It didn’t seem like US President Donald Trump would be getting a state visit to the UK after he retweeted some posts and videos from the far-right hate group Britain First. It was pretty much universally decided by the entire United Kingdom, including British Prime Minister Theresa May, that the guy didn’t belong here, so the state visit seemed like a moot point. May made it clear that Trump’s actions were unacceptable and wouldn’t be tolerated in the UK and that was that.

But now, as the two of them have met up in Davos at the World Economic Forum, the tables seem to have turned.

May is being friendly with Trump again and the state visit to the UK is, once again, a topic of discussion. If the visit does go through, it will certainly be a controversial one, with some speculating that the protests will rival that which came after the 2003 invasion of Iraq. Others are speculating the kind of silence that met the Japanese leader when he visited right after the Second World War.

May extending the state visit invitation back to Trump is a risky move, and one that’s sure to cause a lot of upset. The pair of world leaders met for a brief quarter of an hour at the conference in which the President promised that America would forever “be there” in case it was needed by Britain.

He told May that he and his administration and the American people “love your country.” Doubts are still being cast that the visit will actually happen, however.

There are still doubts that the state visit will happen

According to sources on Downing Street with contacts in the senior staff of the British government, this proposed visit is expected to take place in the second half of this year, following May and Trump’s next public meeting, which will be at the NATO summit that will be taking place in July in Brussels.

However, another source says that the planned visit will be a working visit, which pushes the prospect of the visit further and further into the unforeseeable future, which is leading to speculation that the state visit may never happen at all (again).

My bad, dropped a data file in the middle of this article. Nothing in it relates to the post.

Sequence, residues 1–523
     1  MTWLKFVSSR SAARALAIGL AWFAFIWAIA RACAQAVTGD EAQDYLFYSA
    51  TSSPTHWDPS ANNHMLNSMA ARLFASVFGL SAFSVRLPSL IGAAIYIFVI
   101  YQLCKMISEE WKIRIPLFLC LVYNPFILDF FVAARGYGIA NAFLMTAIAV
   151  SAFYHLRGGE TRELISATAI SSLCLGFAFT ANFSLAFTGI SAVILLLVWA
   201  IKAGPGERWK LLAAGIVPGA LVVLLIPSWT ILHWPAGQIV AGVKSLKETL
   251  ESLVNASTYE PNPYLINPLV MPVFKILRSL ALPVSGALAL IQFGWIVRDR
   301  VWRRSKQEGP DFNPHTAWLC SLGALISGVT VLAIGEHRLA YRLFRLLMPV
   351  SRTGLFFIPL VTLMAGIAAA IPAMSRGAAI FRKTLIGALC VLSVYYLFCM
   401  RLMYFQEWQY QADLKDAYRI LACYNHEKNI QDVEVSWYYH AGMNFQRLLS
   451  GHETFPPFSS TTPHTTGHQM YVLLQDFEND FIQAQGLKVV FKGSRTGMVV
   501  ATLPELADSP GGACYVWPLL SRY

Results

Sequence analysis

The initial state visit invitation was extended to Trump by May just a few days after he was inaugurated into the White House.

It’s now been over a year since Trump first took office as the President of the United States and the state visit still has yet to happen. As soon as the Prime Minister and the President traded barbs about the Britain First posts back in November – Trump retweeted institutionalised hatred and then May criticised him for it and then angrily shot back at her that she should focus on her own terrorist problem instead of criticising his – Downing Street postponed the state visit indefinitely. But now, it seems as though it’s back on.

US Presidents usually have to wait years for state visit invitation

Presidents of the United States generally have to wait a number of years before they get a state visit invitation, but Trump only had to wait a few days – perhaps that was why this downfall began.

Who knows? You jump the gun on The Donald, you regret it later. That’s the lesson we should learn from all this. May had to learn it the hard way. State visits are supposed to include a ceremonious welcoming by the Queen herself, who can legally kill Trump, let’s not forget, as well as a carriage ride down the Mall and a Buckingham Palace banquet.

Trump had originally decided he didn’t want a state visit. If they don’t want me to visit, then I don’t want to visit – that was his thinking. But then he decided to find a loophole and come to the UK for a working visit to move the US embassy, criticising Barack Obama’s original deal as a “peanuts” price for an “off location,” although what he singularly fails to point out is that this deal was initially set up by George W. Bush.